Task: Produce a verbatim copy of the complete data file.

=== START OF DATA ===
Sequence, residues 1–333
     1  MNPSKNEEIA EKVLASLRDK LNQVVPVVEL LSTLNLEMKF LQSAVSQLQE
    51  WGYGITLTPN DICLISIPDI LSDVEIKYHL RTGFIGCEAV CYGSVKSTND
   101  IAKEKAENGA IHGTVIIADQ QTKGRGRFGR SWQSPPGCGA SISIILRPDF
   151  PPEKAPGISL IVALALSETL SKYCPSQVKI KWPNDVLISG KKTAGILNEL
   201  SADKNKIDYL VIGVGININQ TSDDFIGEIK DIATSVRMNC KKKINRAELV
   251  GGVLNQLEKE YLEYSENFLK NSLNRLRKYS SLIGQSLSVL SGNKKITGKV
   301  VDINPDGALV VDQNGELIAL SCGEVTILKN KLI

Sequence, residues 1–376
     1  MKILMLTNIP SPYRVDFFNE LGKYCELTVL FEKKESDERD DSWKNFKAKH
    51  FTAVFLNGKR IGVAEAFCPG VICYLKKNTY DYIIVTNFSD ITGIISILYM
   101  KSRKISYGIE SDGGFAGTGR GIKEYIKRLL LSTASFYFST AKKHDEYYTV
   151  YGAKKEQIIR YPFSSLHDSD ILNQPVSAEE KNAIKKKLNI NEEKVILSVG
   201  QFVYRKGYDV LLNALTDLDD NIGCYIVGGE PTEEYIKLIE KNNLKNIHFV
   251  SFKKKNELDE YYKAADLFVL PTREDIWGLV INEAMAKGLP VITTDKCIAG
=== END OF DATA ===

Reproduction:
Sequence, residues 1–333
     1  MNPSKNEEIA EKVLASLRDK LNQVVPVVEL LSTLNLEMKF LQSAVSQLQE
    51  WGYGITLTPN DICLISIPDI LSDVEIKYHL RTGFIGCEAV CYGSVKSTND
   101  IAKEKAENGA IHGTVIIADQ QTKGRGRFGR SWQSPPGCGA SISIILRPDF
   151  PPEKAPGISL IVALALSETL SKYCPSQVKI KWPNDVLISG KKTAGILNEL
   201  SADKNKIDYL VIGVGININQ TSDDFIGEIK DIATSVRMNC KKKINRAELV
   251  GGVLNQLEKE YLEYSENFLK NSLNRLRKYS SLIGQSLSVL SGNKKITGKV
   301  VDINPDGALV VDQNGELIAL SCGEVTILKN KLI

Sequence, residues 1–376
     1  MKILMLTNIP SPYRVDFFNE LGKYCELTVL FEKKESDERD DSWKNFKAKH
    51  FTAVFLNGKR IGVAEAFCPG VICYLKKNTY DYIIVTNFSD ITGIISILYM
   101  KSRKISYGIE SDGGFAGTGR GIKEYIKRLL LSTASFYFST AKKHDEYYTV
   151  YGAKKEQIIR YPFSSLHDSD ILNQPVSAEE KNAIKKKLNI NEEKVILSVG
   201  QFVYRKGYDV LLNALTDLDD NIGCYIVGGE PTEEYIKLIE KNNLKNIHFV
   251  SFKKKNELDE YYKAADLFVL PTREDIWGLV INEAMAKGLP VITTDKCIAG